Excerpt from Losing My Cool by Thomas Chatterton Williams, plus links to reviews, author biography & more

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Losing My Cool

How a Father's Love and 15,000 Books Beat Hip-hop Culture

By Thomas Chatterton Williams

Losing My Cool
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  • Hardcover: Apr 2010,
    240 pages.
    Paperback: Apr 2011,
    240 pages.

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I must have really been staring at her, because all of a sudden I noticed that she wasn’t aimlessly pacing back and forth anymore but pointing and yelling specifically at our car. “What the fuck are you staring at?” she howled. “You rich, white motherfuckers in your Murr-say-deez, go the fuck home! You think you can just come and watch us like you in a goddamn zoo?”

She was making a scene. Passersby in the street were taking notice and looking at our car, too. That was a time when Benzes were the shit and you had to be careful where you parked because tough guys would pull off the little hood ornament and wear it from a chain around their necks—ready-made jewelry. I was terribly uncomfortable being the center of attention there in that backseat, mentally pleading for the light to turn green. I was also confused as hell. Who were these white people this woman kept referring to? Was she talking about . . . us—was she talking about me? Of course my mother was white, but I didn’t understand how she could think I was white, too. After all, I was on the way that very moment to have my hair cut at the only barbershop in the area that would cut hair like mine—curly, nappy hair. The kind that “didn’t move,” the kind of hair that disqualified me from getting cuts at the white barbershop two blocks from my house. But this woman was talking to me.

“Just ignore her,” my mother said, and finally we drove away. But I couldn’t drive that woman’s angry face out of my head. She had somehow stripped me of myself, taken something from me. I felt I had to protect myself from ever feeling that kind of loss again.

When I stepped into the barbershop that day and every second Saturday afterward, I was extra careful to pay attention to the other black boys sitting inside, some with their uncles, some with their fathers and brothers, some sitting all alone. These boys became like models to me. I studied their postures and their screwfaces, the unlaced purple and turquoise Filas on their feet, their mannerisms, the way they slapped hands in the street. These boys would never be singled out and dissed the way I had been. I decided I wanted whatever it was that protected them.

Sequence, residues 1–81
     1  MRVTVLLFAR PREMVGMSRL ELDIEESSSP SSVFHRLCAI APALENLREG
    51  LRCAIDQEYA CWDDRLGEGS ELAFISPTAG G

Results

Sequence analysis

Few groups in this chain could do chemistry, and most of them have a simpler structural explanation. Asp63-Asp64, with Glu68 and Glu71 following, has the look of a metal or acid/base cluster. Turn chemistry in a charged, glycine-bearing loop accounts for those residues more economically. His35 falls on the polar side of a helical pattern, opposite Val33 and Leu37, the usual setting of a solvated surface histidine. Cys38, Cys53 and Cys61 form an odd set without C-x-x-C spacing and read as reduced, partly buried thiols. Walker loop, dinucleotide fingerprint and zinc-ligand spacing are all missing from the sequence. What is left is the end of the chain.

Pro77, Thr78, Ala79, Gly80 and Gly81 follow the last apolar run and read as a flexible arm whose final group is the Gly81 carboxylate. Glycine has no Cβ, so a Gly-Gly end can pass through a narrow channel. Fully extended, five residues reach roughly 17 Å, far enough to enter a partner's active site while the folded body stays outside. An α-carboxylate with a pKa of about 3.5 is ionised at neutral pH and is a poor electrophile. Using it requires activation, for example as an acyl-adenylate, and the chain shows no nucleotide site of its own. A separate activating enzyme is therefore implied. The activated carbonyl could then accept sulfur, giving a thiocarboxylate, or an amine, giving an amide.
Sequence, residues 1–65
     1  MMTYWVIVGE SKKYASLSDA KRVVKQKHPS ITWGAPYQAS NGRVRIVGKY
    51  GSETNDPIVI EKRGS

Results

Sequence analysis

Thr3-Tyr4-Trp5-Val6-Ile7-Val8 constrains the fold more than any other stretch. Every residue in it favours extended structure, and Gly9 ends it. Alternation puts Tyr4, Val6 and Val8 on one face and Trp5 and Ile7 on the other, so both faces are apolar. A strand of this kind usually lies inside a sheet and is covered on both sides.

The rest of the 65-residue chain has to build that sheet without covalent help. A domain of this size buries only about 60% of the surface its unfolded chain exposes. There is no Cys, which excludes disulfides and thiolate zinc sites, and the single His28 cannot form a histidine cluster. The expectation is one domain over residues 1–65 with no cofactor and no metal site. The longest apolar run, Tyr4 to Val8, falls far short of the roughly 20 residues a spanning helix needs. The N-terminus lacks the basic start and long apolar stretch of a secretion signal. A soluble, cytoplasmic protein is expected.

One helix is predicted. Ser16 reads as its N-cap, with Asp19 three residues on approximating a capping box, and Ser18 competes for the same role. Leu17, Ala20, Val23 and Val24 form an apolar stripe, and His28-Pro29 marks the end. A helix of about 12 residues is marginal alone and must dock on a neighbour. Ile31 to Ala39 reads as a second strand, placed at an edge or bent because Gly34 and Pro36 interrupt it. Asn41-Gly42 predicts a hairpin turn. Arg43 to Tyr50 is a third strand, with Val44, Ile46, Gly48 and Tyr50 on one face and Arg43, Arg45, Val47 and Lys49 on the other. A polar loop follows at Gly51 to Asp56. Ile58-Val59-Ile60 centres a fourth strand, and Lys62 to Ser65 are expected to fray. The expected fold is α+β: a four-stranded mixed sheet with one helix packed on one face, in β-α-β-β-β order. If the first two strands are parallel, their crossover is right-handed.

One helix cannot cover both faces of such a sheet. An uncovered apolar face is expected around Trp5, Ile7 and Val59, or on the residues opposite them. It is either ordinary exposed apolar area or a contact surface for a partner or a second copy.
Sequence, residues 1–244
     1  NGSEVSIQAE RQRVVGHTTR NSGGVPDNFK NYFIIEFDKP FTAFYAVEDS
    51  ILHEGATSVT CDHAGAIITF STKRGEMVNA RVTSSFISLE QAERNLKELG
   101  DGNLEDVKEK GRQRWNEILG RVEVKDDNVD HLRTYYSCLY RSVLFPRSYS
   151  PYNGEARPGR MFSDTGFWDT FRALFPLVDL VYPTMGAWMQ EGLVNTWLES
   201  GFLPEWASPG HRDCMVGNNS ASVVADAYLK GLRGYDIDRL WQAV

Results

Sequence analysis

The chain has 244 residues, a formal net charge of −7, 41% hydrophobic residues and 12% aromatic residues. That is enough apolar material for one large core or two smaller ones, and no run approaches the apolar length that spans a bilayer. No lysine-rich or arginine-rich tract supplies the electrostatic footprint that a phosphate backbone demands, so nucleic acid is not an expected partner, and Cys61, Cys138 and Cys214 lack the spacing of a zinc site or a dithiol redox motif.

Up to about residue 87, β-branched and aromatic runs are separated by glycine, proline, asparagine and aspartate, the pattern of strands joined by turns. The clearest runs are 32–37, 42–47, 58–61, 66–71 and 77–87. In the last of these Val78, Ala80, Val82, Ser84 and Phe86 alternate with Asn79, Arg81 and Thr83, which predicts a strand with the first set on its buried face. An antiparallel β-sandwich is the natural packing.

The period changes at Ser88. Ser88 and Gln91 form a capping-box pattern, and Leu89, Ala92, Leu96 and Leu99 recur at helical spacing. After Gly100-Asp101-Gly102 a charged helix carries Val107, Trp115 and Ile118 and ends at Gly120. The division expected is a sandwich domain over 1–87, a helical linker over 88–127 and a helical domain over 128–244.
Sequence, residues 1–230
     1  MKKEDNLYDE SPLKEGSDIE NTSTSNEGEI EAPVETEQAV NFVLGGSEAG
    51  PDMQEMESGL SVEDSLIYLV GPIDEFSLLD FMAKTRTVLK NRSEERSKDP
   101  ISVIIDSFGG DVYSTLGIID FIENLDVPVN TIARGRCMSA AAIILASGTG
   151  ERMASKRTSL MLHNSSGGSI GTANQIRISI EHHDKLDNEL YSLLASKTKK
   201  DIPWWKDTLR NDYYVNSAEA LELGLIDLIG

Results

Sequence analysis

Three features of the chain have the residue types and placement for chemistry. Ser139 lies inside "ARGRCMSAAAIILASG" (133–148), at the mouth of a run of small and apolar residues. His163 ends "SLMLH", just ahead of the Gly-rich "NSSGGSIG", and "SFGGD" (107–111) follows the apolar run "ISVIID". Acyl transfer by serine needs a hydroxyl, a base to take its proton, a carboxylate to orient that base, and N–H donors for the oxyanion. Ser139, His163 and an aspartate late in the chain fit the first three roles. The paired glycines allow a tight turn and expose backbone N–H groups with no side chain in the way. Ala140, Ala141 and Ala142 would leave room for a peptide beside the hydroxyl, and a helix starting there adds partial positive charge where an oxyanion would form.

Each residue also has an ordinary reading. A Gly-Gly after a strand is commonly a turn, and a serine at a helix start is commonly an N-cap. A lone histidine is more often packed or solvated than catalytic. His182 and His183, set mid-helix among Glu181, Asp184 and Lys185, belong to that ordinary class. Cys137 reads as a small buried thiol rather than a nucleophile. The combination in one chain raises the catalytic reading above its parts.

Inside Unisex, it smelled deliciously of witch hazel and Barbasol, and there were three long rows of cushioned seats facing five swiveling barber’s chairs like bleachers in a gymnasium. There was an old, fake-wood-paneled color television suspended from the ceiling in the far back corner. If a bootlegged movie wasn’t playing on the VCR, the TV stayed stuck on one channel in particular the rest of the time, a channel I soon learned was called Black Entertainment Television. At the time in the morning when I usually came into the shop, the program Rap City would be showing. These barbershop Rap City sessions were not my first exposure to hip-hop music and culture, of course; I had been aware of it vaguely through the tapes my brother brought home and played in his bedroom. I don’t believe, though, that I had ever noticed BET before, and in the strange, homogeneously black setting of Unisex Hair Creationz and the city of Plainfield beyond it, the sight of this all-black cable station mesmerized and awed me. Watching BET felt cheap and even a little wrong on an intuitive level—my parents wouldn’t admire most of what was shown; Pappy called it minstrelsy—but the men and women in the videos didn’t just contend for my attention, they demanded it, and I obliged them. They were all so luridly sexual, so gaudily decked out, so physically confident with an oh-I-wish-a-nigga-would air of defiance, so defensively assertive, I couldn’t pry my eyes away.

One morning, Ice-T’s “New Jack Hustler” video came on, and though I didn’t know the meaning behind the title—or even whether I liked what I was hearing—I knew for sure that the other boys in the shop didn’t seem to question any of it, and I sensed that I shouldn’t, either. All of them knew the words to the song and some rapped along to it convincingly. I paid attention to the slang they were using and decided I had better learn it myself. Terms like “nigga” and “bitch” were embedded in my thought process, and I was consciously aware for the first time that it wasn’t enough just to know the lexicon. There was also a certain way of moving and gesticulating that went with whatever was being said, a silent body language that everybody seemed to speak and understand, whether rapping or chatting, which I would need to get down, too. Over the weeks and months that followed, as I became more and more adept at mimicking and projecting blackness the BET way, and while it was all still fresh to me, what struck me most about this new behavior was how far it veered not just from that of my white classmates and friends at Holy Trinity, but also from that of my father and the two older black barbers in the barbershop—sharp men who looked out of place in Unisex and who held the door and brushed parts on the sides of their heads.

Excerpted from Losing My Cool by Thomas Chatterton Williams. Copyright © 2010 by Thomas Chatterton Williams. Excerpted by permission of Penguin Press. All rights reserved. No part of this excerpt may be reproduced or reprinted without permission in writing from the publisher.

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